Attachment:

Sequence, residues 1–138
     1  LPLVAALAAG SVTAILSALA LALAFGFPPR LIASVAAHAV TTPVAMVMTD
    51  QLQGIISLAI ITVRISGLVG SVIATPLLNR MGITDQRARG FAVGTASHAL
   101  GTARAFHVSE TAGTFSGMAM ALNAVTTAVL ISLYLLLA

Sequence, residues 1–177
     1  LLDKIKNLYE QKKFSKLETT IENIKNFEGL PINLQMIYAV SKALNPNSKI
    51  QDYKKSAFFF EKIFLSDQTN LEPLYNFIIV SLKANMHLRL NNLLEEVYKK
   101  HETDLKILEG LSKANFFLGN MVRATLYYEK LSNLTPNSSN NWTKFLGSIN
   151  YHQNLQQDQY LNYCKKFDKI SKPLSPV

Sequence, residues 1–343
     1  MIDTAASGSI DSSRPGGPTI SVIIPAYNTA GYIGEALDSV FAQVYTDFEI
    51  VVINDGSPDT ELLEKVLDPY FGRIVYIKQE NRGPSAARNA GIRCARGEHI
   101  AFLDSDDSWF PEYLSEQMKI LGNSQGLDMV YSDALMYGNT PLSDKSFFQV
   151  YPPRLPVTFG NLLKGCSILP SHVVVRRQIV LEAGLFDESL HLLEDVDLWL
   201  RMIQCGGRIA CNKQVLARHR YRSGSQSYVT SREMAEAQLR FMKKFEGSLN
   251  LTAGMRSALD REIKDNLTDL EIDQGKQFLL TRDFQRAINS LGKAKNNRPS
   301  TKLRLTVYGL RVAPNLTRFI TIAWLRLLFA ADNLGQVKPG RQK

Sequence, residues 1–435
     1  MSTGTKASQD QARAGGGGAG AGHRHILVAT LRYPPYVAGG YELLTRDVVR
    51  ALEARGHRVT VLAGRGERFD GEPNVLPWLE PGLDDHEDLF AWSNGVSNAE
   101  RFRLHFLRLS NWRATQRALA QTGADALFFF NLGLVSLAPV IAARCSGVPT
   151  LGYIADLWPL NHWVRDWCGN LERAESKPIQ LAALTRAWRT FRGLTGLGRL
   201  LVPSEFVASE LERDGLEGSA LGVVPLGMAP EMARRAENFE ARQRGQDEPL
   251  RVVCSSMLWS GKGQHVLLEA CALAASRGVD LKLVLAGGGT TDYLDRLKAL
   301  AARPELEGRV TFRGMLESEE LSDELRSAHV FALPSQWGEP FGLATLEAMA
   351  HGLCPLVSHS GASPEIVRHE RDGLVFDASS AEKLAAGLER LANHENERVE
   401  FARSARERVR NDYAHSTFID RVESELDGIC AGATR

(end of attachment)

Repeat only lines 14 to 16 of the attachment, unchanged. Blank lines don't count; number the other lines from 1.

   151  YPPRLPVTFG NLLKGCSILP SHVVVRRQIV LEAGLFDESL HLLEDVDLWL
   201  RMIQCGGRIA CNKQVLARHR YRSGSQSYVT SREMAEAQLR FMKKFEGSLN
   251  LTAGMRSALD REIKDNLTDL EIDQGKQFLL TRDFQRAINS LGKAKNNRPS